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Jazz - Released January 1, 2006 | Prestige

Hi-Res Booklet Distinctions The Qobuz Ideal Discography - Hi-Res Audio
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Jazz - Released January 1, 1997 | Verve

Distinctions The Qobuz Ideal Discography
Though the jazz guitarist Kenny Burrell is associated mostly with Blue Note-based hard bop and soul-jazz (he had a hit with the funky "Chile con Carne"), he is also a musician of considerable artistry. Witness his landmark 1965 collaboration with Gil Evans, Guitar Forms, which rivals anything the arranger did with Miles Davis. Indeed, the track "Lotus Land" has a bolero form very reminiscent of Sketches of Spain. There is no stinting on the blues here, either, as evidenced on "Downstairs" and "Terrace Theme." But the highlights are the bossa nova version of Alec Wilder's "Moon and Sand," as well as a characteristically slow and luxurious treatment of Harold Arlen's "Last Night When We Were Young." Throughout, Burrell takes thoughtful, concise, and utterly musical solos, and even switches to acoustic classical guitar on "Prelude #2" and "Loie." © Richard Mortifoglio /TiVo
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Jazz - Released January 1, 2012 | CM BLUE NOTE (A92)

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Jazz - Released October 23, 2015 | HighNote Records

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Jazz - Released January 1, 1999 | Blue Note Records

This album is one of guitarist Kenny Burrell's best-known sessions for the Blue Note label. Burrell is matched with tenor saxophonist Stanley Turrentine, bassist Major Holley, drummer Bill English, and Ray Barretto on conga for a blues-oriented date highlighted by "Chitlins Con Carne," "Midnight Blue," "Saturday Night Blues," and the lone standard "Gee Baby Ain't I Good to You." © Scott Yanow /TiVo
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Jazz - Released September 1, 1956 | Blue Note

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Jazz - Released February 12, 2016 | Prestige

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Jazz - Released October 31, 2018 | nagel heyer records

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Jazz - Released January 1, 2012 | CM BLUE NOTE (A92)

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Jazz - Released January 1, 2008 | Prestige

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Jazz - Released September 13, 2011 | HighNote Records

Kenny Burrell has long been one of the top jazz guitarists, not only for his effortless ability to swing and terrific chops, but for his lyrical way of playing that never goes out of style. This live material comes from a pair of 2007 sets in California, featuring the jazz master unaccompanied. From the opening rendition of "Tenderly" he puts his audience on notice that they're in for a memorable evening. Burrell takes "Tenderly" from a soft introduction into a cooking bop workout. Other standards include an intimate, nostalgic "What a Wonderful World," a conversational, stop-and-go setting of "Come Rain or Come Shine," and a lovely, melancholy "Spring Can Really Hang You Up the Most." His medley tributes to songs made popular by Billie Holiday and Duke Ellington mix some atypical choices (how many players include relative obscurities like "No More" or "David Danced" in their salutes to these jazz greats?). Burrell's originals include a mellow tribute to another jazz guitar great ("Remembering Wes") and the upbeat, easygoing "Be Yourself" that features his vocal as well. Tenderly is beautifully recorded in front of appreciative audiences, who wisely hold their applause until the last moment to not miss a note by this talented guitarist. © Ken Dryden /TiVo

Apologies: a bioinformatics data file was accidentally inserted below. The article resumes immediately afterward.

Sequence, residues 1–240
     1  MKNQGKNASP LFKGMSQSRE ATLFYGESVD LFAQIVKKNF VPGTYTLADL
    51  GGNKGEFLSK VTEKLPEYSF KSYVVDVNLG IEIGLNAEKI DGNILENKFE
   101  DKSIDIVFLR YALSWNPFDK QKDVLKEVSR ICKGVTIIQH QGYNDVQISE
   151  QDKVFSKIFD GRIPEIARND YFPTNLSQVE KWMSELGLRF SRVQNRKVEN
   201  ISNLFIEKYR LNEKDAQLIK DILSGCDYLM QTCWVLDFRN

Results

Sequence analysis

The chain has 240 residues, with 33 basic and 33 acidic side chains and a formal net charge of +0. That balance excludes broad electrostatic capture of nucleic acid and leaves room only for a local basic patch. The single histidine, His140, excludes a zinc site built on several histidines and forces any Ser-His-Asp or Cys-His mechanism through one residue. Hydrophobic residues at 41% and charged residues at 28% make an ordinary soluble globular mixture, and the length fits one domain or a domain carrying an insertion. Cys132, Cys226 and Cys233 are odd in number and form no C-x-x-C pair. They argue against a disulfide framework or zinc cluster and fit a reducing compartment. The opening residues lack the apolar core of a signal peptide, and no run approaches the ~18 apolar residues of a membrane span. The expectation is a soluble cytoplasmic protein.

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Jazz - Released January 1, 2003 | Verve

After its original release on Cadet Records in 1966, Have Yourself a Soulful Little Christmas was out of print for years until a 1992 reissue. With pensive, meditative, precise playing, it's a must-have and features a definitive jazz hit version of "Little Drummer Boy." © David A. Milberg & Michael G. Nastos /TiVo
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Jazz - Released January 1, 1997 | Fantasy Records

This session is valuable for the majestic playing of tenor great Coleman Hawkins, who performs on half of the eight tracks. Released on the Prestige subsidiary Moodsville -- a label that specialized in recordings with an intimate, reflective atmosphere -- the Moodsville sound doesn't sit comfortably on Hawkins. His playing is brilliantly relaxed, but it's not mood music. Leader Kenny Burrell's playing is much more in line with the Moodsville groove. The guitarist is not amplified as much as he is on his Prestige dates from this time. In fact, he performs on a nylon-string instrument almost as much as he does on his hollow-body electric. Unlike Hawkins, Burrell's subdued contribution is made to measure for this date. Listeners expecting to hear Burrell the hard bopper won't. The key moments come during the interaction between the guitarist and tenor player, especially during their exchanges on Burrell's "Montono Blues." The rhythm section, Hawkins' working band from this period (pianist Tommy Flanagan, bassist Major Holley, and drummer Eddie Locke) provides impeccable, sublime support. © Jim Todd /TiVo